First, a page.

Driven to great lengths: The strangest things young grads have done to get a job

An unemployed graduate has advertised her CV in a taxi in a desperate attempt to land an interview - but is this the weirdest gambit anyone has tried to get noticed?

Rose Troup Buchanan
Friday 23 August 2013 14:59 BST

Emma Clifford graduated in June; three months later and she’s still looking for an interview – never mind a job.

The English literature graduate of Canterbury Christchurch University got a 2:1, but after sending out a CV a day since her exams in May, but she’s only had a single interview.

“Since my exams in May I’ve been trying to send out a CV a day," says Emma. "I’ve only had one interview, and afterwards they told me they’d filled the post. When I asked for feedback they never even got back to me.”

She says that her dream job would be in marketing or in publicity.

Having graduated in June, Emma was already job hunting. However, the response was less than encouraging. “It’s really hard to determine what I’m doing wrong or right,” she said, “I never expected to walk out of uni and into a great job, and I’m willing to work my way up from the bottom, but there’s just so many of us  - so it is hard.”

Click here for a gallery of unusual job applications

Graduate employment is rising; with the figure of unemployed 16-24 year-olds climbing back to just under a million this month.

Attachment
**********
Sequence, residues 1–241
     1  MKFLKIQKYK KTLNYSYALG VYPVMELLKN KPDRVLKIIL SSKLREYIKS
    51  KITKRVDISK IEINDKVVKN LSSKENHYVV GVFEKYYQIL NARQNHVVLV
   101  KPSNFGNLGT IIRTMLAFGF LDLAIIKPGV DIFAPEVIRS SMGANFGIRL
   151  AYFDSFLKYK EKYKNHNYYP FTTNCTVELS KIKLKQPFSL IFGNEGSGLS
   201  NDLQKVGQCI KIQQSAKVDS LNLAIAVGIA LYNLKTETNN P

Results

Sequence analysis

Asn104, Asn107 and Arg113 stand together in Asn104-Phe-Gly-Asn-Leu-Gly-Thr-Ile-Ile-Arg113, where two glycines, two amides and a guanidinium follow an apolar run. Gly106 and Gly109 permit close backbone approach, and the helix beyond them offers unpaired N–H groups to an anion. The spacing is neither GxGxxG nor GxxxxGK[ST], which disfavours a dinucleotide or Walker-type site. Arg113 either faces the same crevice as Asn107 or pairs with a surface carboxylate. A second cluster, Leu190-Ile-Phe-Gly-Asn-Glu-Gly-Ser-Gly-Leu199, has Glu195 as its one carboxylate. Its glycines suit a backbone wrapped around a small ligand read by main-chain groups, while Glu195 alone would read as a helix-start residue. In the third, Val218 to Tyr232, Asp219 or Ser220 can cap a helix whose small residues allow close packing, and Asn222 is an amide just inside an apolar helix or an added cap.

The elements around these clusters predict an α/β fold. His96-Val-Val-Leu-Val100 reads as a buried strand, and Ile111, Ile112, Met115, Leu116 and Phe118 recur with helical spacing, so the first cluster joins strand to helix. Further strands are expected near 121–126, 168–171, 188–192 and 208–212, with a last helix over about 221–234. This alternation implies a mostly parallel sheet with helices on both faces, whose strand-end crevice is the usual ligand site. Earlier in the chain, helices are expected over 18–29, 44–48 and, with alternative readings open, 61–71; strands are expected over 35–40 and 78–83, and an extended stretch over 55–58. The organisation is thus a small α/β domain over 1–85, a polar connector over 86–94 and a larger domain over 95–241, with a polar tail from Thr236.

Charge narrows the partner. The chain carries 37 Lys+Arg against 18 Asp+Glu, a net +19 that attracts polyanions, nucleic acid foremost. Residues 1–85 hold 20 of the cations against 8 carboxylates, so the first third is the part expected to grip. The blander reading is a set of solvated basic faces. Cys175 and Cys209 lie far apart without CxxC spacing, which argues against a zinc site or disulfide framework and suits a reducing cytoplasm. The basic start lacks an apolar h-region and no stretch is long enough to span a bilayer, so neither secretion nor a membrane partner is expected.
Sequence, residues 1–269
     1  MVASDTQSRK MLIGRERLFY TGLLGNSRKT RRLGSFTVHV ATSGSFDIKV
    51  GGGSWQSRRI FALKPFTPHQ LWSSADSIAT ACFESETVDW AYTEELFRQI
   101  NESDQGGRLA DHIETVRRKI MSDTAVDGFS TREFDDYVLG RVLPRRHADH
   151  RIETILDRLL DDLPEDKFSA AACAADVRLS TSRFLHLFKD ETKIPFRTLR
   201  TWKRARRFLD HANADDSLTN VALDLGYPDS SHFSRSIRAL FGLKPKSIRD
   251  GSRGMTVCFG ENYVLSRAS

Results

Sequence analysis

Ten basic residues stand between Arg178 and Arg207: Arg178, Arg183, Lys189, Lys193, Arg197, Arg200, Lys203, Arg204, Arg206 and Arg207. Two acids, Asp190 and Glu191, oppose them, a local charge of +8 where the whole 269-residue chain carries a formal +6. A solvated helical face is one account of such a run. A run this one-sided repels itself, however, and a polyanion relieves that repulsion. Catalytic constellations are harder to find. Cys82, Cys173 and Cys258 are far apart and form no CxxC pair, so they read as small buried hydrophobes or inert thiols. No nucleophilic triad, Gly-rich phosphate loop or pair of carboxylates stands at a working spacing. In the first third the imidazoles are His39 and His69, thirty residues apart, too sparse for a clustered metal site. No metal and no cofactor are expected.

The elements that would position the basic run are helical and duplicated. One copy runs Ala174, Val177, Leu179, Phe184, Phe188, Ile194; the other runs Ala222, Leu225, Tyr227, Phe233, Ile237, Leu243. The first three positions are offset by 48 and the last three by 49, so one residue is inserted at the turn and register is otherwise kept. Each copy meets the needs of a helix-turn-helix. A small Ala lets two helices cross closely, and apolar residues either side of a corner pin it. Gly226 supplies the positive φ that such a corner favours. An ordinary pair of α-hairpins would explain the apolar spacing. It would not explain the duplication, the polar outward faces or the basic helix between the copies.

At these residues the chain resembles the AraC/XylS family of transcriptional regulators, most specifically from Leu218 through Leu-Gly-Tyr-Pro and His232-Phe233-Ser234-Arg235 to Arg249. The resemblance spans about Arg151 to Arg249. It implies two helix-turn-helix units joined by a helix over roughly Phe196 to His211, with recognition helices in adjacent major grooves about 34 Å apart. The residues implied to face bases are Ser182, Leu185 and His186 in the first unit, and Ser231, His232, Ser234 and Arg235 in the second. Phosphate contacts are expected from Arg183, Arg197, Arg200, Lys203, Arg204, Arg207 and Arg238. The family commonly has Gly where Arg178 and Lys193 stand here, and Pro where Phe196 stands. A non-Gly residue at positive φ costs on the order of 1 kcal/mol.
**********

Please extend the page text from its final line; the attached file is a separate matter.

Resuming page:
Emma’s advert is underneath the fold-down seats in the back of London black cabs. She hopes that the advert will be noticed by prospective employers as they travel.

She got a friend to help her with the design, and although the advert is only in the single taxi at the moment, Emma says she’ll try and expand the advert if she doesn’t hear anything. “There’s lots of support, but it’s only been a week, so its early days.”

She came up with the idea after visiting London Book Fair, where she was told that graduates need to think of new and inventive ways to stand out from the crowd. As she left she noticed the taxis, and thought ‘why not?’ she said.

Emma’s decision follows in the footsteps of other enterprising unemployed graduates, who faced with a series of dismissals are turning to more unusual ways of getting a job.

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